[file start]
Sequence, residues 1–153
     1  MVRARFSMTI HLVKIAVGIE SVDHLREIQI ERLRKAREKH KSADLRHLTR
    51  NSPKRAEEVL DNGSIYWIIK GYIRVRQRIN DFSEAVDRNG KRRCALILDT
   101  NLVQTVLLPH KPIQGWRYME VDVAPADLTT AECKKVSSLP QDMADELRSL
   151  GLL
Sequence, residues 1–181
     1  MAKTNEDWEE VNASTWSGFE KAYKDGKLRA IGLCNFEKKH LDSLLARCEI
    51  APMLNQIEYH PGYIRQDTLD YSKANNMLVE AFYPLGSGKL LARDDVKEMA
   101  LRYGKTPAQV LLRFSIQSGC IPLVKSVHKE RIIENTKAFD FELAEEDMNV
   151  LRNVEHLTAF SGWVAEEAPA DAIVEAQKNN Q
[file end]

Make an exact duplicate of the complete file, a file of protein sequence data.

Sequence, residues 1–153
     1  MVRARFSMTI HLVKIAVGIE SVDHLREIQI ERLRKAREKH KSADLRHLTR
    51  NSPKRAEEVL DNGSIYWIIK GYIRVRQRIN DFSEAVDRNG KRRCALILDT
   101  NLVQTVLLPH KPIQGWRYME VDVAPADLTT AECKKVSSLP QDMADELRSL
   151  GLL
Sequence, residues 1–181
     1  MAKTNEDWEE VNASTWSGFE KAYKDGKLRA IGLCNFEKKH LDSLLARCEI
    51  APMLNQIEYH PGYIRQDTLD YSKANNMLVE AFYPLGSGKL LARDDVKEMA
   101  LRYGKTPAQV LLRFSIQSGC IPLVKSVHKE RIIENTKAFD FELAEEDMNV
   151  LRNVEHLTAF SGWVAEEAPA DAIVEAQKNN Q